. . . but at least the locals were trying to solve the litter problem!!!


As one approached, it was hard to get a good feeling for how large this mound was.

33   emerald2

Here is an aerial view that gives some perspective . . .


. . . and what it probably looked liked being used, soon after it was constructed.


There was a bicycle touring company, based out of New York, set up with a SAG wagon rest stop in the parking lot. Had a nice chat with the operator, referencing my days in the bicycle touring business, and met two of the riders who hail from Mpls!!!!


. . . goodies all around!!!


. . .up to the top.


Back on the road, I stopped to shoot one of the ‘artistic’ arrangements TommyG had been stopping to make every time he saw a tossed beer can or bottle. Sticking them in an ant hill makes it a lot easier for the Park Service volunteers to find them!!!


Along the way there was a exhibit sign regarding the formation of wind driven soil-constructed local bluffs. Reminded me of emJay’s love of the Loess Hills of Iowa.


One of the last examples of the ‘old Trace’. Here the path, due to heavy traffic,  had been worn down 4-5 feet.


A final stop was at the former site of the Elizabeth Female Academy. The academy was the first school for women to be chartered by the State of Mississippi. Founded in 1818, it was one of the premier institutions for young Southern women of its day.


Not much left of it today!!!


Soon the riding for today was over, as was our Natchez Trace riding adventure. Great weather today . . . so it was a great day to finish.


While we were at the finish, Rachel, the Brit, who we had met several days earlier rolled in so we took another group shot celebrating our international love of bicycle touring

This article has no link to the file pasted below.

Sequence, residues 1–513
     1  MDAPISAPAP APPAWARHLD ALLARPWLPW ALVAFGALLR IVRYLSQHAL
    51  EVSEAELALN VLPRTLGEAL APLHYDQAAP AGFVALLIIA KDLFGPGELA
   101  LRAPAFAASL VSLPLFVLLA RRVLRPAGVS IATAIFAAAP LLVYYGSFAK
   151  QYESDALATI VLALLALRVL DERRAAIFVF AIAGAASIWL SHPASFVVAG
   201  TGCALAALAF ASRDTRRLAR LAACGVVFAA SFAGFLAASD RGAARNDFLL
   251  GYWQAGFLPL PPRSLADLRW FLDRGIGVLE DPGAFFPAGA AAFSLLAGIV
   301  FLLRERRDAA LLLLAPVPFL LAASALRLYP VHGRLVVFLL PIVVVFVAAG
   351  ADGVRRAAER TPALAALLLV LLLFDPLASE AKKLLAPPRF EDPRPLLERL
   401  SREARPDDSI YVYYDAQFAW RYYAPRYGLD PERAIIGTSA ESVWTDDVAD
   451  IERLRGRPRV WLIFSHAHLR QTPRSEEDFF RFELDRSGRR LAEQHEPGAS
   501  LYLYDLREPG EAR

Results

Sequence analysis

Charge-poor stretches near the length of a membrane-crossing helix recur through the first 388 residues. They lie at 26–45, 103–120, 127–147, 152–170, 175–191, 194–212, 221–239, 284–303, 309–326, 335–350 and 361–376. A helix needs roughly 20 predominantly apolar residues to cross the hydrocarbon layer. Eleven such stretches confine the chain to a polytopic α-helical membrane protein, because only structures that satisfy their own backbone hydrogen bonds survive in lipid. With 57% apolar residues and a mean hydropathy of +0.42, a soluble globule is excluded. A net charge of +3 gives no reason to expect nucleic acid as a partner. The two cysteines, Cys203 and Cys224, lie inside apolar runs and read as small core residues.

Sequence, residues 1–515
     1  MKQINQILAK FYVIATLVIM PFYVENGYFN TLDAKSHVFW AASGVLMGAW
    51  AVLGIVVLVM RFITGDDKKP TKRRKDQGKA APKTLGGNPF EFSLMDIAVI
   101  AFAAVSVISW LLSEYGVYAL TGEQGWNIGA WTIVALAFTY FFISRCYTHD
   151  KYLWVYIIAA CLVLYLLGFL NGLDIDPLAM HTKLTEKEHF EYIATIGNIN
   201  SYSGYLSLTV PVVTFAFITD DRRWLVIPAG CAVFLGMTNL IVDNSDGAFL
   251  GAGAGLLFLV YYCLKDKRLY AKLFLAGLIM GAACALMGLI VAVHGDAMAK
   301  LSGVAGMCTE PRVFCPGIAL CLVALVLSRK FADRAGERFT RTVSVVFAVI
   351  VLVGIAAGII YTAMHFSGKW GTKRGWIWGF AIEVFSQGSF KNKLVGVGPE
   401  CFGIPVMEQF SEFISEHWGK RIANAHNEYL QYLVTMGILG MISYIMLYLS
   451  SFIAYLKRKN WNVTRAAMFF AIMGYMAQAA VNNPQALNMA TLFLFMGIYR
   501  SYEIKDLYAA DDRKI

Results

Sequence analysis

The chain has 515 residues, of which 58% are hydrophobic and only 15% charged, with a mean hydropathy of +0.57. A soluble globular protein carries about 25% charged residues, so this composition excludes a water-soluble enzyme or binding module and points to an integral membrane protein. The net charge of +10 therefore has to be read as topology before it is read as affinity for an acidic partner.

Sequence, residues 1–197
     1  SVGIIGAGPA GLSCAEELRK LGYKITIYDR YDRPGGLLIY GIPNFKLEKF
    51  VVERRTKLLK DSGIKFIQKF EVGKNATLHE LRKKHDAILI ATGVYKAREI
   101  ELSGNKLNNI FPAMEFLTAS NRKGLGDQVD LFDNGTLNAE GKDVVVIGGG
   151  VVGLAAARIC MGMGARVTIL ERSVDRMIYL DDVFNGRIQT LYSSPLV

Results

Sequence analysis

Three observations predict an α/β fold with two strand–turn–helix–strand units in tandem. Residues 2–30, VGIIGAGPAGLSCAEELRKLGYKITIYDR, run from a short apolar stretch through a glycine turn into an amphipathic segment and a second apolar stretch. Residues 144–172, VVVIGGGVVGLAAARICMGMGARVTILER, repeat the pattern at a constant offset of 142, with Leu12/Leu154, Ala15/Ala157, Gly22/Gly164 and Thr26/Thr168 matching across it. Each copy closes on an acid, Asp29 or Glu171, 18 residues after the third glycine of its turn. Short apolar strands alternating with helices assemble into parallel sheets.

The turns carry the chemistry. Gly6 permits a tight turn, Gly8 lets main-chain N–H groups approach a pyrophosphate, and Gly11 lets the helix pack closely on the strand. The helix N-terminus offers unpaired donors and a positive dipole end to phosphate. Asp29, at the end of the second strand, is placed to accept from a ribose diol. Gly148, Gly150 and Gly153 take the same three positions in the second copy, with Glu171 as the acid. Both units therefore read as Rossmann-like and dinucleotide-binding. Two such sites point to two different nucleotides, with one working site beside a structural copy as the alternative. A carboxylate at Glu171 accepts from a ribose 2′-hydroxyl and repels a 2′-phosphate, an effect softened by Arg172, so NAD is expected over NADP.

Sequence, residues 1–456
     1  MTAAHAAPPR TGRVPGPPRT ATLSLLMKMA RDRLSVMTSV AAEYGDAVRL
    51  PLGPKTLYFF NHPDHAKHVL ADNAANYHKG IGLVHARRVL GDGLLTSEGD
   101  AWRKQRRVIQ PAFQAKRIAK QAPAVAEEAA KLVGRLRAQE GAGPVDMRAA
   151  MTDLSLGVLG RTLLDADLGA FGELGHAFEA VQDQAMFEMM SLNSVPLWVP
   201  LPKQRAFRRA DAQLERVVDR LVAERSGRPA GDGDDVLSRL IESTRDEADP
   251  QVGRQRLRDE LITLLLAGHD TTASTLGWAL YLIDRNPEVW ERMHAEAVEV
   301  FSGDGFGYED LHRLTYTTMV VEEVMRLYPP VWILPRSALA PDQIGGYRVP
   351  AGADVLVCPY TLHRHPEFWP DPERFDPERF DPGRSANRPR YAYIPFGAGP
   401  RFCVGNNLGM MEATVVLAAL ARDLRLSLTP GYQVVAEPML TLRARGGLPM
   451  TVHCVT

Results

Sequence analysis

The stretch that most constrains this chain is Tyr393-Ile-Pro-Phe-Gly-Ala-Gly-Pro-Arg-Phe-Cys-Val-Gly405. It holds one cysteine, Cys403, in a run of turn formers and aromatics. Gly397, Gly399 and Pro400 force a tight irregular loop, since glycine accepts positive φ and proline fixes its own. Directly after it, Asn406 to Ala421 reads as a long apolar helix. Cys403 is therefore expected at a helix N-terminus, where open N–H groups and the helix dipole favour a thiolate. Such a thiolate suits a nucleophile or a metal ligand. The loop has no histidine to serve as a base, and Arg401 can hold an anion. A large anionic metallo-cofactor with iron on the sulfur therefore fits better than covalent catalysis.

We invited her to join us for dinner tonight at our celebratory meal. We headed over to the Magnolia Grill, located in the ‘under hill’ area of Natchez Trace.

Natchez proper is the town on top of the bluff; Natchez improper was the boat landing beneath the bluff on the bank of the Mississippi. This area of Natchez was described by numerous nineteenth-century travelers as one of the rowdiest ports on the Mississippi River. Here docked the keelboats and the flatboats, and, beginning in 1811, the steamboats.  mmmmm .  . . four middle aged guys from the midwest would probably not have fit in!!! But in 2015 . . . not a problem


A celebratory salute to our finish and staying as dry as we did considering all the potential for downpours . . .


Rachel had a true American classic, especially in this part of the country . . .  Catfish !!!


Several of us had the tasso, grits and shrimp special . . . YUM!!!!
3We headed back to the river for one more look. Rachel had not been to Louisiana on this trip, or her prior US bicycle adventures, so we all decided it was time for a road trip, across the bridge to Louisiana . . . and another American classic . . . .


. . . the drive-in. Sonic is one of the last drive-in restaurant chains in the US. Click here to see her in action. She handled it like a pro!!!

We dropped Rachel off at her hotel, wishing her well on the rest of her journey, and were soon back at the Holiday Inn Express.

Breakfast tomorrow at 6:30am and on the road by 7:00am. Good thing we are leaving . . .100% chance of rain tomorrow!!!!